Black Hills National Forest
President Grover Cleveland established the Black Hills National Forest in 1897 as the Black Hills Forest Reserve. Now in its second century, the USDA Forest Service manages these 1.2 million acres of public lands for a diversity of wildlife and fish, recreation, water production, livestock grazing, timber harvest, wilderness and other uses. The timbered mountains of the Black Hills National Forest continue 10 to 40 miles beyond the South Dakota border, west into Wyoming and cover an area that is 125 miles long and 65 miles wide. Visitors will find rugged rock formations, canyons, grasslands, streams, lakes and unique caves. Recreational opportunities for visitors include 11 reservoirs, 30 campgrounds, 2 scenic byways, 1,300 miles of streams, 13,605 acres of wilderness, over 450 miles of trails and much more.
The name “Black Hills” comes from the Lakota words Paha Sapa, which mean “hills that are black.” From a distance, these pine-covered hills, rising several thousand feet above the surrounding prairie, appear to be black. The Hills are diverse in cultural heritage. The earliest known use of the area occurred about 10,000 years ago. Later, Native Americans came to the Black Hills to seek visions and to purify themselves. Paha Sapa was considered a sanctuary and was a peaceful meeting ground for tribes at war. Exploration of the Black Hills by fur traders and trappers occurred in the 1840s. In 1874, General Custer led an Army exploration into the area and discovered gold. When word got out of the discovery of gold in the Black Hills, settlers soon followed.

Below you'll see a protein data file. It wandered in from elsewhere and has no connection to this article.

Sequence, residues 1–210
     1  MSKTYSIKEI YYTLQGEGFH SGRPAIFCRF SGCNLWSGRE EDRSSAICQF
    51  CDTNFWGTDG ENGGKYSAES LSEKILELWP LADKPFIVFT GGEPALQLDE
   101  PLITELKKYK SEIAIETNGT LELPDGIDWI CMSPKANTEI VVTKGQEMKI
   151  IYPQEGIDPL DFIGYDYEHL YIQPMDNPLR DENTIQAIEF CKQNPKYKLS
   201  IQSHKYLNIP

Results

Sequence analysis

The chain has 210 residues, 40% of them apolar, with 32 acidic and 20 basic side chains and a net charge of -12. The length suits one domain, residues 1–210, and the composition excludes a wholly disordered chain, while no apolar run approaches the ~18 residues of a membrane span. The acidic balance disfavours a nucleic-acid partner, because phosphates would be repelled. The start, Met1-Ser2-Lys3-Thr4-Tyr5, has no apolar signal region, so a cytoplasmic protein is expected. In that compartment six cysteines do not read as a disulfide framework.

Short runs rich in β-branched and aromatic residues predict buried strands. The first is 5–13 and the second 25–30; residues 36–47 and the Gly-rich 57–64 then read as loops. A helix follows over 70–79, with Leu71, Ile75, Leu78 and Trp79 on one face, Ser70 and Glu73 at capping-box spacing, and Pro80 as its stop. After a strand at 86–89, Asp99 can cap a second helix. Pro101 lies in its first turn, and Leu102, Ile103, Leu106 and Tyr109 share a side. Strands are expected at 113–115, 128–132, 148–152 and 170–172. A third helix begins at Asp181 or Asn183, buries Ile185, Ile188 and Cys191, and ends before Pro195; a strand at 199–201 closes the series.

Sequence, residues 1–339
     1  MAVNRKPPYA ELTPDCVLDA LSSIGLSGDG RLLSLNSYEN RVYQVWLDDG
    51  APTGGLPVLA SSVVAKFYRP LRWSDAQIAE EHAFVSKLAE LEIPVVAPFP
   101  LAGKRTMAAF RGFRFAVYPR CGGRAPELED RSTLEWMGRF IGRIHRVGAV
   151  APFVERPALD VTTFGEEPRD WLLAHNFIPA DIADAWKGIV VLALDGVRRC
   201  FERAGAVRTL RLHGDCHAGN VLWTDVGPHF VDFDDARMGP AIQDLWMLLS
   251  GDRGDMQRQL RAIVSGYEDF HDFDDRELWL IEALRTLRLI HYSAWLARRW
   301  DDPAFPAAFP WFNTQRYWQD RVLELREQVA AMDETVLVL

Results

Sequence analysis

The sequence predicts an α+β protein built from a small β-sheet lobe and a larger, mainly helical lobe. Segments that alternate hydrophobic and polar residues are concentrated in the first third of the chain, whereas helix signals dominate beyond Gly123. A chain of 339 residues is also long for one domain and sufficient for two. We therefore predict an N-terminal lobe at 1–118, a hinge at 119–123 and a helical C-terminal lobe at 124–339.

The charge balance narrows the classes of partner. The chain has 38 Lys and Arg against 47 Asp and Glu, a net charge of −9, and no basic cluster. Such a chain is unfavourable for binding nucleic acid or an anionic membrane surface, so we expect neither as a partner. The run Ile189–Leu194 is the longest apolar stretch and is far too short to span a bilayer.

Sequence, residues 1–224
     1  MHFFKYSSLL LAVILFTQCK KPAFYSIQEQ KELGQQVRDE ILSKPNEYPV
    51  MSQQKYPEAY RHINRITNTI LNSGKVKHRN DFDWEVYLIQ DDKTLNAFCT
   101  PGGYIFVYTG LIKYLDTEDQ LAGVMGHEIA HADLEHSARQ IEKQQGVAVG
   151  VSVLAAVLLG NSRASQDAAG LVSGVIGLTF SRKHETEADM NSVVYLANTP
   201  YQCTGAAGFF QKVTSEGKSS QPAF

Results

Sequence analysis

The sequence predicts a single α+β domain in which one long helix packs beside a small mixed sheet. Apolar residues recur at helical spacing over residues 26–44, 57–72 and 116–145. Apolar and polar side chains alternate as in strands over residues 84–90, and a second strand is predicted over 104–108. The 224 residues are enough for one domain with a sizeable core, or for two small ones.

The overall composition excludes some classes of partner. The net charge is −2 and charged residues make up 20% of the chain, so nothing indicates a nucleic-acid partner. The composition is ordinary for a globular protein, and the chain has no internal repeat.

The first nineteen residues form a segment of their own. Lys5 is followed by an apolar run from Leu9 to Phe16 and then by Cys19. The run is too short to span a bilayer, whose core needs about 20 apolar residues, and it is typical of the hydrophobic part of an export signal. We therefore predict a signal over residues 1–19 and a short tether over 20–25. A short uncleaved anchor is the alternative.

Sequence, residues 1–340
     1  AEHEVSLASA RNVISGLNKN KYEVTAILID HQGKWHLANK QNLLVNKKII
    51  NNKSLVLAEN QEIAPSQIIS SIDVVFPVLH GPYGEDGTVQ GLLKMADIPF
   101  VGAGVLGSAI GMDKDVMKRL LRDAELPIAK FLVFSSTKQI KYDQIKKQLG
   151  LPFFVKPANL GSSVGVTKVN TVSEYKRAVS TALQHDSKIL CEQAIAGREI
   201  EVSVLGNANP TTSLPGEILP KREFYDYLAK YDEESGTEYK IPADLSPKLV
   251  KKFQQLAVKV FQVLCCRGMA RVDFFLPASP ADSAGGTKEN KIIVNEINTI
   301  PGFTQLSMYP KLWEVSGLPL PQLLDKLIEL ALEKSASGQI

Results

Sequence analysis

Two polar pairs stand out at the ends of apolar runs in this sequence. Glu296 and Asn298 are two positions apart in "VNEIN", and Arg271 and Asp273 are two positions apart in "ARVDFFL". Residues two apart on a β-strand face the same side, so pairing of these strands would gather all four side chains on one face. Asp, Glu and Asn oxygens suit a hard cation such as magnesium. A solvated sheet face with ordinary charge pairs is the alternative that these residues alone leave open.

Black Hills National Forest Fees, Hours and Services
Black Hills National Forest is open year-round, 24 hours per day. There is no fee to visit the Black Hills National Forest, but some day-use recreation sites charge.
Black Hills National Forest Activities
The Black Hills National Forest offers a wide range of activities and programs for visitors young and old alike.
What You Should Know When Visiting the Black Hills National Forest
Black Hills National Forest offers unique opportunities for visitors with all interests. The National Forests are public lands in joint ownership by all citizens. Different laws and regulations are designed to protect both forest resources and forest visitors.
Points of Interest
The Norbeck Wildlife Preserve, Black Elk Wilderness and Harney Peak are points of interest in the Black Hills National Forest.